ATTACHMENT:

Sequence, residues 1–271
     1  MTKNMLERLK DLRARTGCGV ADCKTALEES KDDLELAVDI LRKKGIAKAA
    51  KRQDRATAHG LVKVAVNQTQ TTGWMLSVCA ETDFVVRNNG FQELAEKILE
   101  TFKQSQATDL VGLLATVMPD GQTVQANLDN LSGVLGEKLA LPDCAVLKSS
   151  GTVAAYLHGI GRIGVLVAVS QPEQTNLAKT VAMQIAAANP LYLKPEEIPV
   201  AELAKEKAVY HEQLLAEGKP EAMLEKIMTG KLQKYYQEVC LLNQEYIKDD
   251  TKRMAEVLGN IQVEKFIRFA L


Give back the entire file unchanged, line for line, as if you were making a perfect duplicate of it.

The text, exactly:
Sequence, residues 1–271
     1  MTKNMLERLK DLRARTGCGV ADCKTALEES KDDLELAVDI LRKKGIAKAA
    51  KRQDRATAHG LVKVAVNQTQ TTGWMLSVCA ETDFVVRNNG FQELAEKILE
   101  TFKQSQATDL VGLLATVMPD GQTVQANLDN LSGVLGEKLA LPDCAVLKSS
   151  GTVAAYLHGI GRIGVLVAVS QPEQTNLAKT VAMQIAAANP LYLKPEEIPV
   201  AELAKEKAVY HEQLLAEGKP EAMLEKIMTG KLQKYYQEVC LLNQEYIKDD
   251  TKRMAEVLGN IQVEKFIRFA L